DIY Natural Weed Killer

Last time we shared this weed killer recipe we had a few emails from customers who were concerned that the salt leftover from the soda ash in the soil would make it difficult to plant into. That’s not the case, making your weed killer from soda ash and water will only temporarily raise the PH of the soil.

 A good amount of rain or some generous irrigation and the soil pH should return to a normal level. If you apply this weed killer topically it will adhere to the plants that you want to exterminate due to the dish wash liquid in the recipe. For the best results apply on a warm dry day so that the sun can help activate the soda ash for maximum effect.

In any case it’s vastly better than applying toxic Roundup to your weeds and garden!

Here’s some technical talk about this weed killer from NZ’s gardening guru Dale Harvey …

“Soda Ash (Sodium Carbonate) =Na2CO3 which breaks down naturally into Na2O (Sodium Oxide) = a salt and CO3 (an unstable compound) that quickly becomes CO2 (Carbon Dioxide) and O (Oxygen).

When mixed with water the chemistry becomes Na2CO3 + H2O = 2NaOH + CO2 or Sodium Hydroxide plus Carbon Dioxide.

Sodium Hydroxide is a strong alkaline base salt that can raise soil pH to as high a 9.8, pH 7 is neutral and most plants will not tolerate a pH higher than 9.0-10.0 thus making your weed killer from soda ash and water will salt the land and raise the soil pH at least temporarily enough to eliminate most weeds and noxious roots”

DIY Natural Weed Killer
500g Wendyl’s Green Goddess Premium Soda Ash
1.5 Litres warm water
60 mls Green Goddess Unscented Castile Soap

Put the soda ash into your bucket or sprayer then add enough warm water to make it up to 1.5 litres, make sure all of the soda ash dissolves into the water then add the dish wash liquid and mix to combine. Spray or pour on weeds on a fine, dry day and leave. The longer this solution remains on the noxious plants, the better its effect, the dish wash will help the solution stick.

This mixture will only keep for about a week so only make what you are going to use. It will go hard if left for too long.

Soda ash can also be used straight as a dry powder sprinkled between paving stones, on tiles or concrete. broom it in and add a sprinkle of water, then leave.

Photo credit for bottom pic Jenny Marvin

 

Comments 14

  1. How will the salt affect pets? I would like to use this on my gravel driveway but my cat and dog walk across it and I know they can Absorb things through their paws. Will this be safe?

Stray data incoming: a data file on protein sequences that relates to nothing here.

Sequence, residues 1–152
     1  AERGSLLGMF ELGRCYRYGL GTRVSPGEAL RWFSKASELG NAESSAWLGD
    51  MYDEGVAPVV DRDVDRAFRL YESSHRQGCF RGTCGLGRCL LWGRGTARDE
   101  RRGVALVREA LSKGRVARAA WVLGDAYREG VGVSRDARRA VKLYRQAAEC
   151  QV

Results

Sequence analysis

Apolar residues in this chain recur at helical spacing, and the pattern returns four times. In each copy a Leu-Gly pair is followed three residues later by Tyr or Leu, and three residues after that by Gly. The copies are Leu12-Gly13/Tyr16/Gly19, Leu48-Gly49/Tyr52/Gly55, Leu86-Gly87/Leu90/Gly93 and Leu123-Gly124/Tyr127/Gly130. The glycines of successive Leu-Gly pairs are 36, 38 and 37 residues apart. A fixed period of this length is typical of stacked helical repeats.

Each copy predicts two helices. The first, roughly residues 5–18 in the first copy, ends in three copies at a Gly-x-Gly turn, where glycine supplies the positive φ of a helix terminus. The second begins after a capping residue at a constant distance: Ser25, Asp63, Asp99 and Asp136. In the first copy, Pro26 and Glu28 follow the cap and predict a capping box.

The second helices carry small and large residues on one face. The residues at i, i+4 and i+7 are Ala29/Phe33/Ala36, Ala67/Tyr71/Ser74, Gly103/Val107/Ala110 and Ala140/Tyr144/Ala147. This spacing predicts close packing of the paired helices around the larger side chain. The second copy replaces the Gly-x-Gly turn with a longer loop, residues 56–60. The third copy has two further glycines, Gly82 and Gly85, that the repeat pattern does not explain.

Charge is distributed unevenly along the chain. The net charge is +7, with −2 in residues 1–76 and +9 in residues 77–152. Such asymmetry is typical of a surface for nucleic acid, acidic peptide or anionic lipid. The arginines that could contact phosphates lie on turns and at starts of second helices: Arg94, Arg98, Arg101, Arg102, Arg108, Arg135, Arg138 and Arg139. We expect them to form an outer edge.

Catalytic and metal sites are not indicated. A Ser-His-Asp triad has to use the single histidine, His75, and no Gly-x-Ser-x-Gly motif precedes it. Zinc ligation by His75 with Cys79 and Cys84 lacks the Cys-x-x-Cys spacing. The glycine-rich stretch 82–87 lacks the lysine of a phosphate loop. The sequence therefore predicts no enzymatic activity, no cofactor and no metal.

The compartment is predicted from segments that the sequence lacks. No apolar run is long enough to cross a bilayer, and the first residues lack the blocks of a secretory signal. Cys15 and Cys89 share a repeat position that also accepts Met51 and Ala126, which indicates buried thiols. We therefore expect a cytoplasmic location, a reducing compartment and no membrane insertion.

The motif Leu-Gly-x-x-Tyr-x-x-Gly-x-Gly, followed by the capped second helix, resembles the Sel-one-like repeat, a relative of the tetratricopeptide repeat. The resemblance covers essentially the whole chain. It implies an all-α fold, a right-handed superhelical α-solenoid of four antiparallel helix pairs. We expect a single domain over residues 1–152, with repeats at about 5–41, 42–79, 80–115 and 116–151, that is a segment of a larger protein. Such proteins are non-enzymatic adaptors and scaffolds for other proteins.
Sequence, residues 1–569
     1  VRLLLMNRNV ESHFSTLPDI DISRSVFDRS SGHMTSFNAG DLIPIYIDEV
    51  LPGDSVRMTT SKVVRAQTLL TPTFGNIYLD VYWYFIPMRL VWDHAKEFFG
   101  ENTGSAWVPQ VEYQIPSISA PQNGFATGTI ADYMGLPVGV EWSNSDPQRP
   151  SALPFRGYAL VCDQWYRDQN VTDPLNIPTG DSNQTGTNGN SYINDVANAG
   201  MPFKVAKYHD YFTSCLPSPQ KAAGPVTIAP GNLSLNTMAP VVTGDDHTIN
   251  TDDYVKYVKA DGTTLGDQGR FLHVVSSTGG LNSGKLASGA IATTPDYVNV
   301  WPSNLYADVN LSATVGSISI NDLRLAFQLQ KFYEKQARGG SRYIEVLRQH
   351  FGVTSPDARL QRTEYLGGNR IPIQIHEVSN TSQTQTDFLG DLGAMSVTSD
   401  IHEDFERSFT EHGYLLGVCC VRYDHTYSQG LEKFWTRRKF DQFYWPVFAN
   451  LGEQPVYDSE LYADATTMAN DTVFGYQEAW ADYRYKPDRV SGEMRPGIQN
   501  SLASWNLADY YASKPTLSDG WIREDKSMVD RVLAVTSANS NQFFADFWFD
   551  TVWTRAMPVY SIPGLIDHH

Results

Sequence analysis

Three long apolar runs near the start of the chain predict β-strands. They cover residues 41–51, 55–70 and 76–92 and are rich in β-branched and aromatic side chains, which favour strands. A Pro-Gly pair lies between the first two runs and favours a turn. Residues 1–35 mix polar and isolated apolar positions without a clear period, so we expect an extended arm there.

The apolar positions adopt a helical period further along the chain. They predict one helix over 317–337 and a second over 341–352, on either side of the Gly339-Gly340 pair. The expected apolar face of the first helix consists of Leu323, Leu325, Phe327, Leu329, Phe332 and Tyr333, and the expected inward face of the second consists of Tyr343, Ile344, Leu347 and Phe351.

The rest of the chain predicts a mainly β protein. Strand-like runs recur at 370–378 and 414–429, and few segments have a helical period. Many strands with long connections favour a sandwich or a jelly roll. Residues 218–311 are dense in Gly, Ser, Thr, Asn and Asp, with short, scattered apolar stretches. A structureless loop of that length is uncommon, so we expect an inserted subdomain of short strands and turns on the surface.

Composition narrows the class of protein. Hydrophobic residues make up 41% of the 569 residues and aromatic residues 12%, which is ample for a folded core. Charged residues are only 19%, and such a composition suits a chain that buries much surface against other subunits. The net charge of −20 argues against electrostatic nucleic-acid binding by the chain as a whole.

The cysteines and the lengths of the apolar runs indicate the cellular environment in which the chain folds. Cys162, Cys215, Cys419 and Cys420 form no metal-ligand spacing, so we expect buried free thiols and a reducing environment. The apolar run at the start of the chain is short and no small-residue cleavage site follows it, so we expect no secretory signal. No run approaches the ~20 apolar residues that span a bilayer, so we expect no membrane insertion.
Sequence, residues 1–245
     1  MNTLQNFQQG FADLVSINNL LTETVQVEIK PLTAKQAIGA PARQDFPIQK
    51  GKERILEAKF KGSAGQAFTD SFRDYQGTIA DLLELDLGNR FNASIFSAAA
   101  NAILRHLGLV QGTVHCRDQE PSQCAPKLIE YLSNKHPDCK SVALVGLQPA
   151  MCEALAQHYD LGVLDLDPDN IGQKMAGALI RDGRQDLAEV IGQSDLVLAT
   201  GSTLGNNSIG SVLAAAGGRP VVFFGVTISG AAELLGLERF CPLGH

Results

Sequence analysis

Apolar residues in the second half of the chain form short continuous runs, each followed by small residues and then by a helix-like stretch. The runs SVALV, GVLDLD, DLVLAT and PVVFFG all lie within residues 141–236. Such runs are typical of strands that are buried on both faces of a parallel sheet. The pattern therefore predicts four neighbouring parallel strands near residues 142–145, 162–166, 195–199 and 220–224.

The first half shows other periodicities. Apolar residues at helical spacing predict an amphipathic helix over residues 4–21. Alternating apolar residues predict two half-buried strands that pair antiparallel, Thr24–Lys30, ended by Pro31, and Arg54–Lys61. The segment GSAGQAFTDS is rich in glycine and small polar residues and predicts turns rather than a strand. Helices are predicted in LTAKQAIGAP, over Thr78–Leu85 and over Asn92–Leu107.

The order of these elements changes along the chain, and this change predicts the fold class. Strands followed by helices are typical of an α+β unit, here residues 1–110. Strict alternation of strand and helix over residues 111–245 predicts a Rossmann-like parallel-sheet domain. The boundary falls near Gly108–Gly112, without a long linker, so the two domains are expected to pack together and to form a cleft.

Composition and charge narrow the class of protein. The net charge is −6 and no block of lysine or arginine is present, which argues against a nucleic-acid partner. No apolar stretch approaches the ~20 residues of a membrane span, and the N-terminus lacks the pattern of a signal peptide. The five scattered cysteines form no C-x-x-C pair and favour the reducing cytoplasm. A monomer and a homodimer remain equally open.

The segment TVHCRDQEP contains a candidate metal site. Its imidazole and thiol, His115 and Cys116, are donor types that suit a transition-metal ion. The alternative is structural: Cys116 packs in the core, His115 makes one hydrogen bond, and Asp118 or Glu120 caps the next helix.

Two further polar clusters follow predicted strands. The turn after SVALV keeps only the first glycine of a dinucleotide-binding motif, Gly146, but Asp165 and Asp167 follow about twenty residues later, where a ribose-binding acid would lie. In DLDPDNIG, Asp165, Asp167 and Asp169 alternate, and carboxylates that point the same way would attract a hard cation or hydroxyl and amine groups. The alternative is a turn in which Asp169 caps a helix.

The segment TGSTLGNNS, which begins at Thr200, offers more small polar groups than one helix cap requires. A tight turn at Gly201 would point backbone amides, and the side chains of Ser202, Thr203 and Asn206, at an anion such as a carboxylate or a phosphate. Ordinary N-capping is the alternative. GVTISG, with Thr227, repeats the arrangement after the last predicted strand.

Thanks

    1. Post
      Author

      Hi, Soda Ash on your driveway will be fine for your pets paws in this recipe. It’s also used as an anti-caking agent in some food types and in some litter box formulations, be careful you don’t inhale the particles though.

    1. Hi Barbara, thats a very good question, I’ve not tried it but Wendyl said she was sure it’d work (see below). Please let us know if you have success. I’d try it myself but we’re lucky not to have any. Triona

      From Wendyl “I’m planning to plant a wildflower meadow but have a big problem with the kikuyu which the locals tell me I’ll never kill off without using a severe herbicide, which I won’t use.
      So I started thinking about my good friend soda ash and how last year I created an excellent weed killer out of. I got a tub of soda ash and mixed it with warm water, sprayed some weeds on the driveway and when I came back up this week they were all dead. My friend Ritchie who mows my lawns couldn’t believe it. “You’re onto something there,” he said.
      So, we’re going to use it to kill off the kikuyu in the meadow and I’m confident it won’t harm the soil.”

  2. Hiya,
    What part does the soap play? Just helping adhere? We use hand made bar soap for our dishes but we do keep a bottle of ecostore dish liquid just in case. Would these eco friendly soaps be enough or do we need to go out and get some stinky Palmolive to do the trick?

    Thanks

  3. Hi triona and grant
    I was thinking about spraying this on some weeds around some feijoa trees will this get into the soil and affect the feijoa trees or does it have to get directly on them to have any affect?
    Thanks

    1. We cut the foliage off and then spray so that it can get into the roots easily, they will die if it’s left on and not rained off.

      1. Just thought I should mention, we do leave a little foliage so that the spray attaches to it and travels down the plant, but we cut off the main part.

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